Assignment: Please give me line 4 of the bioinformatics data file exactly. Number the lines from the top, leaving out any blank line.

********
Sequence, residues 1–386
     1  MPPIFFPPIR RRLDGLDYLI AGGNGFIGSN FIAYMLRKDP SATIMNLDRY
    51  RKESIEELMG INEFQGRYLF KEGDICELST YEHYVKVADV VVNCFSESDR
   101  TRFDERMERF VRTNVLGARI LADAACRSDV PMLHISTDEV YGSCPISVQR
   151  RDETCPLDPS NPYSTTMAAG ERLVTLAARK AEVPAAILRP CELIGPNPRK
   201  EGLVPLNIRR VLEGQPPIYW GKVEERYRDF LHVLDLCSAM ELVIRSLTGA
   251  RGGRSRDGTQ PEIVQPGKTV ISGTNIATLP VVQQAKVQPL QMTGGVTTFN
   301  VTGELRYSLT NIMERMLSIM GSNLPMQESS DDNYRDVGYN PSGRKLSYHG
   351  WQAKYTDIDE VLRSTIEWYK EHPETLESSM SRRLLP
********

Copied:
   101  TRFDERMERF VRTNVLGARI LADAACRSDV PMLHISTDEV YGSCPISVQR